Is Covid-19 Doing MLB's Dirty Work against the Minors?

Published on 13-Apr-2020 by Alan Adamsson

MLB    MLB Daily Update

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Is Covid-19 Doing MLB's Dirty Work against the Minors?

Sooner or later, the Covid-19 pandemic's gonna subside to the point where major league baseball will finally be able to resume in one form or another.

It's a bummer that the same can't be said for the minors.

They've been the timeless link to live-action professional baseball in North American heartlands ever since the original Knickerbocker rules were posted.


Maybe those times evolved into the kajillion-dollar industry that MLB is today, but essentially, the minors are still just another category of small business.

You know, the revered backbone of the economy.

If only MiLB got that sorta respect.


It's now possible that the pandemic will weigh in on MLB's side. 42 teams or more are in grave danger of not rebounding from the economic debacle that's looming.

Last season, MLB's gross revenues were $10.7billion, 50% of which come from broadcast rights. MiLB, on the other hand, are vitally dependent on the more traditional income of ticket sales and in-stadium purchases:

  • MiLB grossed $864million across its 160 clubs last year. That's $5.4million per team, and a staggering 89% of it goes to pay operating expenses, not counting payroll for players, coaches, and trainers, which MLB picks up.
  • Minor league teams gross $70,000 per home game, which comprises over 90% of their annual revenue.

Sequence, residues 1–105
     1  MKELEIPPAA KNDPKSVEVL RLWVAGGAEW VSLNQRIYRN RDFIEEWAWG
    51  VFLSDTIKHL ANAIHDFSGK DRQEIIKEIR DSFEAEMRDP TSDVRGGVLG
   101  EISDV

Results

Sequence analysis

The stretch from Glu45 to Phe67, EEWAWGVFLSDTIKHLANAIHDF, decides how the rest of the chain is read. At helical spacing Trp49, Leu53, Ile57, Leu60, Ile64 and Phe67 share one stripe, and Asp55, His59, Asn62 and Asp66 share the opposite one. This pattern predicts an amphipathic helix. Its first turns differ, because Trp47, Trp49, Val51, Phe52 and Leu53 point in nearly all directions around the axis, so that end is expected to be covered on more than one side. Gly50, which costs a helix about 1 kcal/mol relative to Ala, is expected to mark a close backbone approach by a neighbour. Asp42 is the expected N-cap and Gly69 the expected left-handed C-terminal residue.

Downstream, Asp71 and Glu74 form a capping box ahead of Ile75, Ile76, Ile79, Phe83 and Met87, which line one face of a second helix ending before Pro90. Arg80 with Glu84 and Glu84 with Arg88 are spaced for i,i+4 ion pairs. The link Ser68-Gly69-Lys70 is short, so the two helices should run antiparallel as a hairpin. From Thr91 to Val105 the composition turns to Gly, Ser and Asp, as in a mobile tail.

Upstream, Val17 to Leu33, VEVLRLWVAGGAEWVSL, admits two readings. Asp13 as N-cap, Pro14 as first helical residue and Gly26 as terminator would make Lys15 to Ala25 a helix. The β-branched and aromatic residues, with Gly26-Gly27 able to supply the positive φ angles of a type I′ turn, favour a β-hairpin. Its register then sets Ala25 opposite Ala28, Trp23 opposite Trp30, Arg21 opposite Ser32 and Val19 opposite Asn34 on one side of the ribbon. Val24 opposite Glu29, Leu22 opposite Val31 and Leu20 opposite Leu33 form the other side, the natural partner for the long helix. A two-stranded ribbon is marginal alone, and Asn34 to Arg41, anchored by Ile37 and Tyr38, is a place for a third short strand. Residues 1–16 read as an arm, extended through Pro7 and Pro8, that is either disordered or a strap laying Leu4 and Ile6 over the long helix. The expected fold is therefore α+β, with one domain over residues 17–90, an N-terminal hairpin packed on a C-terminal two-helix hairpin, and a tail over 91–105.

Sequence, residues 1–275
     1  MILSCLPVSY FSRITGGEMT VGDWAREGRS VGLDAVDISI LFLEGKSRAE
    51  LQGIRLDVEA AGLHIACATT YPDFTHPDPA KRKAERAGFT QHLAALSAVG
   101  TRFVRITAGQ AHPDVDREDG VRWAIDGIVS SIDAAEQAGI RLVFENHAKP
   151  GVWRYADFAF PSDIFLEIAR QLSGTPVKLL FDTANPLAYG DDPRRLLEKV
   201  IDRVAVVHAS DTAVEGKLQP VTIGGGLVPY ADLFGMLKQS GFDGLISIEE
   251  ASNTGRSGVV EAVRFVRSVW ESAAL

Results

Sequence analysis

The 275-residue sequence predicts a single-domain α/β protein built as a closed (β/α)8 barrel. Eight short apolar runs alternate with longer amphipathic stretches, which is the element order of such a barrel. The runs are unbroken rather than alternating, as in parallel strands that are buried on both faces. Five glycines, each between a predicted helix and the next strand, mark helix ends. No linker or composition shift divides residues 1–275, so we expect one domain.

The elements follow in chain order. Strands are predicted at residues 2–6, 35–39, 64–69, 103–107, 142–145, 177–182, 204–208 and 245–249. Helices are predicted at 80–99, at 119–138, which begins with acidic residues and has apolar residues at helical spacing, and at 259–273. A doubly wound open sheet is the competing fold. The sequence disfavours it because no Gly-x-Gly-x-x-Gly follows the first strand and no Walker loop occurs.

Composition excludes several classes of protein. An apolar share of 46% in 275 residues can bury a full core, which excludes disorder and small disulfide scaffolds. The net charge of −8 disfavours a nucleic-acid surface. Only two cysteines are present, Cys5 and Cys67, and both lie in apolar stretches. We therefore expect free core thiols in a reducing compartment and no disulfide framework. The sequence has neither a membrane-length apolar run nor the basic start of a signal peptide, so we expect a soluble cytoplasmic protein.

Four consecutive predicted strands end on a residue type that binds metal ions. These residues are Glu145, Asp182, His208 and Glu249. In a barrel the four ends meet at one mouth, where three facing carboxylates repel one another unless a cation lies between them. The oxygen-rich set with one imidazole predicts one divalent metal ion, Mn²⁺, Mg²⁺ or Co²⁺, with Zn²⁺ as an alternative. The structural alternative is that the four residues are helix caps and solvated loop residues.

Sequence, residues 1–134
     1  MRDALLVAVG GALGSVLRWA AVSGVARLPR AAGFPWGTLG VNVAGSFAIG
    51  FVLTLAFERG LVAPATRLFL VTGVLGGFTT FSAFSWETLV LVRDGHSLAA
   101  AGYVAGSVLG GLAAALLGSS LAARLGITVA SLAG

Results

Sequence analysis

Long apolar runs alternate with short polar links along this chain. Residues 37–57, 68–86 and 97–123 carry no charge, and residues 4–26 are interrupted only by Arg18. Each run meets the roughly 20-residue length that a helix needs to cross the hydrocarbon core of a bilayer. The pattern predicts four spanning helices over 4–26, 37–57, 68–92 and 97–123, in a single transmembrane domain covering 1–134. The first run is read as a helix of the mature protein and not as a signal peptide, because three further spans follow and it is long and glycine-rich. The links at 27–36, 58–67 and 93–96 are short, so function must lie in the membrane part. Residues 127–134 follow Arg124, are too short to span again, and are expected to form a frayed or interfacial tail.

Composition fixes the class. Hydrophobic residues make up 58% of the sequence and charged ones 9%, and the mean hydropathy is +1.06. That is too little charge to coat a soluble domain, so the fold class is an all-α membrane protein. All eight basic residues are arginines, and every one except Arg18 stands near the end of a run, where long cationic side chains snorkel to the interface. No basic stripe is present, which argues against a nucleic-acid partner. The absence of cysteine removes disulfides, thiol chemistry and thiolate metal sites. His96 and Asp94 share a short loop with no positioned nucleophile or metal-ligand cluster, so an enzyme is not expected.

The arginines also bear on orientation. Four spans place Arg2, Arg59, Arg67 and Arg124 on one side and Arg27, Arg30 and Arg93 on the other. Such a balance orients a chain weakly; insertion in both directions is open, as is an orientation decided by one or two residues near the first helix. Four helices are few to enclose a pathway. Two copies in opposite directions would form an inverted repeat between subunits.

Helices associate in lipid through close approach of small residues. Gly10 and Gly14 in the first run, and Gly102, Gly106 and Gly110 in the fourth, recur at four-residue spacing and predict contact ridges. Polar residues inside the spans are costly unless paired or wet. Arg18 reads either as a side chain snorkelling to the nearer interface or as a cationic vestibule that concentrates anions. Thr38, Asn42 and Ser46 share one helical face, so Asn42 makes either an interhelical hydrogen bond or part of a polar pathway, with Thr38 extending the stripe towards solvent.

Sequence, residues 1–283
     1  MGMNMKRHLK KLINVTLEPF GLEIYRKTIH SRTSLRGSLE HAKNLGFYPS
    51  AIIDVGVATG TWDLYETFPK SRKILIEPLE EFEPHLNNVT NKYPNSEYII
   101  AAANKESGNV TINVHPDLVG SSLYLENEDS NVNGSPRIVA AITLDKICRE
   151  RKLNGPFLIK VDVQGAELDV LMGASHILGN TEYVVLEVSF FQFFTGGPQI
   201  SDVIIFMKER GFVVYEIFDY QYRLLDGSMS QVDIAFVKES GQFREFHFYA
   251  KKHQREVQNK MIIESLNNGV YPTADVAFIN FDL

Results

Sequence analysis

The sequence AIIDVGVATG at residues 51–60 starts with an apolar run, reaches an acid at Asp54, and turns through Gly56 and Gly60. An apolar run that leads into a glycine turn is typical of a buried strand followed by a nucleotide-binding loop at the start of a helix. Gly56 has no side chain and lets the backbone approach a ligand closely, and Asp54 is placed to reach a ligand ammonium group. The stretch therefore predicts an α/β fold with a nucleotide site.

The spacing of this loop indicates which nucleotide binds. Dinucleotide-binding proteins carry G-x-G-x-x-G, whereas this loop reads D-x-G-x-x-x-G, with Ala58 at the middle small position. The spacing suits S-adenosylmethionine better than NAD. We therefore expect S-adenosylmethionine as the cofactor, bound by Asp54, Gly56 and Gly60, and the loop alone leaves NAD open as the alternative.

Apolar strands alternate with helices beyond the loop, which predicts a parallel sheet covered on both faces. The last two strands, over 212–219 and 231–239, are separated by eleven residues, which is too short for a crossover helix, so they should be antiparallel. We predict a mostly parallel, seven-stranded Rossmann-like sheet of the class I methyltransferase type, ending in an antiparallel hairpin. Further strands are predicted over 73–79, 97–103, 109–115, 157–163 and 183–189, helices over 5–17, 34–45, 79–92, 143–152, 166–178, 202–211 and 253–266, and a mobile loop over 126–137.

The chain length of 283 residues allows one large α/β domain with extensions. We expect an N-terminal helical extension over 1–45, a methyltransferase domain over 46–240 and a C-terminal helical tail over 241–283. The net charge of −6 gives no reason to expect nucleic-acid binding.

With roughly 12 home games per month, teams will lose 15.6% of their annual revenue this season as each page of the calendar turns.

Even if a lockdown ends, that's no guarantee fans will be confident enough to return.


The MiLB non-playing staff workforce is significant, too. Taking all 160 teams into consideration, they employ an average of 21 per franchise. That's 3400 jobs. Toss in the seasonal-staff -- concessions, cleaning, etc -- and another 32,000 part-timers depend on their teams surviving.

Not that there's ever a good time for a pandemic, but the timing for this one couldn't have been worse for MiLB clubs.

Most of their purchasing for the season had been made, cash outlays for goods that aren't readily available for emergency resale. Of course, such a move can't even be a consideration as long as there's a chance of even a partial season being played.


Stadium tenancy is another pressing issue. Some clubs pay rent for taxpayer-funded facilities, so they've got a shot at getting a few breaks. Others, though, own their stadiums; negotiating contingencies for mortgage payments is another matter altogether.

The toughest hurdle of all, though, could be post-season financial obligations. To remain in good standing, all teams must show they've fully paid all their expenses.

Unless some sorta waiver is allowed for 2020, that could be the final straw for some clubs.


Meanwhile, the minors are doing what they can to be a service to their communities, helping out at food banks and assuming other emergency roles that don't require specialists. This keeps them in the public view to an extent. In these times, a bitta mutual goodwill can help causes on a number of levels.

Minor league franchises can be an attractive investment in normal times, but as the pandemic is showing, the downside can be devastating.

Obviously, the MLB-MiLB negotiations are on hold due to the situation.

There's no telling when they're resume, but MLB is now in a vulture's position. They may get what they want with something else doing the job for them.